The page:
Hired vs. Owned Devices: Understanding the Effectiveness of Celebrities in Advertising

  • Above-Average Costs, but Average Performance
  • Celebrities vs. Brand-owned Assets

While the Super Bowl is firmly in the rearview mirror, the insights from the big game can continue to shape the way that brands approach their creative. System1’s extensive review of Super Bowl ads airing from 2020 through 2023 reveals numerous insights for brands and agencies alike.

When many people hear the words ‘Super Bowl’ they don’t just think of two exceptional teams competing to be crowned the champion. They think of the halftime show and of course, the commercials. But do these ads, often the most anticipated of the year for the US market, actually live up to the hype?

And with a seemingly endless number of celebrities featured in big game commercials each year, you may be wondering whether these well-known stars are worth the investment.

The effectiveness of Super Bowl ads and celebrities may surprise you.

Above-Average Costs, but Average Performance

In 2023, a 30-second spot cost up to $7 million, the highest cost for a Super Bowl commercial to date. And advertisers are not just paying to secure their airtime. They are also investing millions of dollars to bring their commercials to life. Most advertisers work closely with agencies to develop ideas and source talent, and even brands with in-house creative teams spend a lot of time and money on their big game ads.

While there are certainly standout ads every year, there is also a lot of waste. Our research finds that Super Bowl ads are actually not much more effective than the average US ad, despite the pomp and circumstance that surrounds the event.

In 2020, Super Bowl ads averaged 2.7-Stars on our scale from 1 to 5.9-Stars, and all US ads averaged 2.3-Stars. In 2021, Super Bowl ads averaged 2.8-Stars compared to 2.1-Stars for all US ads. In 2022, the effectiveness of game ads dipped slightly to 2.6-Stars compared to 2.3-Stars for all US ads. In 2023, Super Bowl ads scored 2.9-Stars.

So, what’s an advertiser to do if they land squarely in the ‘average’ zone? Fortunately, if a company overspends on advertising relative to its market share, it will generally see some growth, even with an average, 2-Star ad. Advertising spend, as well as the emotional impact of an ad, is important.

Some of the Super Bowl commercials do have a life beyond the game, most likely to make the most of the enormous investment in the creative. However, others follow a one-and-done approach, airing only during the game. This is even more wasteful when the ad doesn’t score 3-Stars (considered ‘Good’ on our scale), 4-Stars (referred to as ‘Strong’) or 5-Stars (known as ‘Exceptional’).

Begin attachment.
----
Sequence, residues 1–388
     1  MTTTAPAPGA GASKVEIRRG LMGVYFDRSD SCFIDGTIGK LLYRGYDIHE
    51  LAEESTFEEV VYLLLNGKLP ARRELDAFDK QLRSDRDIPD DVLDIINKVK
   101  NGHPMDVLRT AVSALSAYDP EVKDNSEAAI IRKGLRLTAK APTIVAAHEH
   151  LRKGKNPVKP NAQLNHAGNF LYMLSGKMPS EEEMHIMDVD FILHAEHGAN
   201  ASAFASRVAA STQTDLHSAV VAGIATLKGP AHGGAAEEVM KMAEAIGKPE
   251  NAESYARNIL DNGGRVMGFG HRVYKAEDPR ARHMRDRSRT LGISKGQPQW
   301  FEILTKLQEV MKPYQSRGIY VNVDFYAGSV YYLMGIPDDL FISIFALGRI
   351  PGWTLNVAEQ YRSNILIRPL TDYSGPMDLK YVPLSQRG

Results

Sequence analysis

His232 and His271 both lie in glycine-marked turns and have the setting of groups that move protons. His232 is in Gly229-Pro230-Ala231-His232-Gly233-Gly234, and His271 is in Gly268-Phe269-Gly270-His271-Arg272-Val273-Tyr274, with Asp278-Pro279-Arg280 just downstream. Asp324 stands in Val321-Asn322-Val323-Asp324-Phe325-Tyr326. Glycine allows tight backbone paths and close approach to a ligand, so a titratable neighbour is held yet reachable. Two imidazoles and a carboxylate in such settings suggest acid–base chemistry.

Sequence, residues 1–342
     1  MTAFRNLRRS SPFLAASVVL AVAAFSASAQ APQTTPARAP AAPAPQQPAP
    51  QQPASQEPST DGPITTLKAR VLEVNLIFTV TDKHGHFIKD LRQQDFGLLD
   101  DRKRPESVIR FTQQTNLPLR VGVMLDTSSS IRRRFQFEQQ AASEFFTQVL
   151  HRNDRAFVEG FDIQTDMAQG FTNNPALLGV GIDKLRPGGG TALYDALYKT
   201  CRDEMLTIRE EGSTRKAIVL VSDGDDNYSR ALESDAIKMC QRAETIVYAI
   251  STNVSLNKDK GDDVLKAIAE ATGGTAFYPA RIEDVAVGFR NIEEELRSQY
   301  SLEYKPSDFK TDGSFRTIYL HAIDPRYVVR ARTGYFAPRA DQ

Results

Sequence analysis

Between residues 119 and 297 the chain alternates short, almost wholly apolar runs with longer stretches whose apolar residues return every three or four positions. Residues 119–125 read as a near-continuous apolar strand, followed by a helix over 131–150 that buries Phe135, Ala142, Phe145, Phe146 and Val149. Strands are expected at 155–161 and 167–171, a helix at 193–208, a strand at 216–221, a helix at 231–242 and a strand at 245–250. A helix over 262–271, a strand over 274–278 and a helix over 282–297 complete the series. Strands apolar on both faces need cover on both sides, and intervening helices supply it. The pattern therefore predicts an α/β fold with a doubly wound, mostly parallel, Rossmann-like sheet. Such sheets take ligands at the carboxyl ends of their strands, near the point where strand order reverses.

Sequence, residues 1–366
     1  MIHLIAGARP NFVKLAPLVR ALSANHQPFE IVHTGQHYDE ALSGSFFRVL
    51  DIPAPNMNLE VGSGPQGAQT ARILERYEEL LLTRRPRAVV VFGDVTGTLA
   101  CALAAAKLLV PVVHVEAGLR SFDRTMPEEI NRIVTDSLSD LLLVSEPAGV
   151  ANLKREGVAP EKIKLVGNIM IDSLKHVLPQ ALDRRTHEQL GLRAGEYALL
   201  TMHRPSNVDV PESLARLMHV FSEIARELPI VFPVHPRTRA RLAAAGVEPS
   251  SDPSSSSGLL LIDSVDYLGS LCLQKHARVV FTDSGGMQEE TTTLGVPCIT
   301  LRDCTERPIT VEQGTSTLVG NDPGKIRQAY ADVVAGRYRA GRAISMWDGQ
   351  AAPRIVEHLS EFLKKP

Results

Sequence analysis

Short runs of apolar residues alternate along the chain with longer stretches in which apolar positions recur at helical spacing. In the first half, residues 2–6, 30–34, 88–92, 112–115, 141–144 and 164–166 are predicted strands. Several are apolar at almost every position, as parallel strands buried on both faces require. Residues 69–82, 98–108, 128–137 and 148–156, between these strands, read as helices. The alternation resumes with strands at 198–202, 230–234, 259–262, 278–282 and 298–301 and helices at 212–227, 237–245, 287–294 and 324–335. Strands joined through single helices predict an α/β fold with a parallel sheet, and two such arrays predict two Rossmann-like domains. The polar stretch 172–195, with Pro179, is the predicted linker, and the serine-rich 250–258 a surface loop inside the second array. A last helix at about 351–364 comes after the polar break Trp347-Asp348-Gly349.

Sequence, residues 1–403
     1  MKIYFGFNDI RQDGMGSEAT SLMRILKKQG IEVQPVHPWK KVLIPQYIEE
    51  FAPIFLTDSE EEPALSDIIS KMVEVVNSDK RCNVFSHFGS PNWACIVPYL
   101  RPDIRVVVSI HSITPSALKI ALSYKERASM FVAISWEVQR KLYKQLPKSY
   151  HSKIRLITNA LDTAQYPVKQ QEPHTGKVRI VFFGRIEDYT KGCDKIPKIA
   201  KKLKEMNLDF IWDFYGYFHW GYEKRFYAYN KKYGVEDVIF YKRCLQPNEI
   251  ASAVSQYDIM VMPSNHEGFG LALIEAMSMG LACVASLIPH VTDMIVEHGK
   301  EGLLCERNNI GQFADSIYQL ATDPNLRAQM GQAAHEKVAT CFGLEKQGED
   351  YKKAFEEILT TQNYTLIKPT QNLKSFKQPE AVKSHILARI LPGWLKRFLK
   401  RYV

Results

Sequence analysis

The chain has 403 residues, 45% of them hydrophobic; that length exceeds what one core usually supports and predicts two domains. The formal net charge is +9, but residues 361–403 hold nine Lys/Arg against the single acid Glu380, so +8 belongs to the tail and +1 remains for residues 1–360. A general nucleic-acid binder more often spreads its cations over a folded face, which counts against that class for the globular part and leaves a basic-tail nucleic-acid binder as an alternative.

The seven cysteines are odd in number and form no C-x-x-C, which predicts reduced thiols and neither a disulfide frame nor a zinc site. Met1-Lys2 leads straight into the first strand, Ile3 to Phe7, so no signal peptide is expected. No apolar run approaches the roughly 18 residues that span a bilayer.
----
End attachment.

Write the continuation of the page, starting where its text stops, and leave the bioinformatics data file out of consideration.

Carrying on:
Celebrities vs. Brand-owned Assets

So, do the ads that feature celebrities benefit from their involvement? Sadly, there’s no clear advantage to enlisting the help of a famous face. When looking at four years of Super Bowl ads, 37% used a famous actor, achieving an average score of 2.8-Stars, while 38% did not use a celebrity and averaged the exact same rating.

That’s not to say that celebrities are a lost cause. Stars lead to greater attention which, on average, increases the speed and accuracy of brand recognition. This also increases emotional intensity and short-term effectiveness with more people comprehending the ad message.

The key is using celebrities successfully. Simply casting a celebrity doesn’t make a winning ad. Famous figures shouldn’t be easily replaceable. Rather, they should be the best choice for the storyline. They must also be given the freedom to portray larger-than-life versions of themselves, like John Travolta did in T-Mobile’s 2023 Super Bowl ad.

Fluent Devices, which are recurring characters and scenarios, are much more effective when used in Super Bowl ads, scoring an average 3.7-Stars, well above the average Super Bowl ad. Think of M&Ms’ spokecandies, Planters’ Mr. Peanut and Snickers’ “You’re Not You When You’re Hungry” campaign. When these brand-created assets are used consistently, they’re extremely powerful. Thus, brands should invest in their own devices vs. renting one.

On the plus side, Super Bowl LVII did see a win for age diversity. The average age of the lead celebrity featured was 47, demonstrating the value in using widely-recognized celebrities who can appeal across generations. It’s one of the reasons that well-known athletes, actors, comedians and musicians are still beating out influencers in the primetime ads.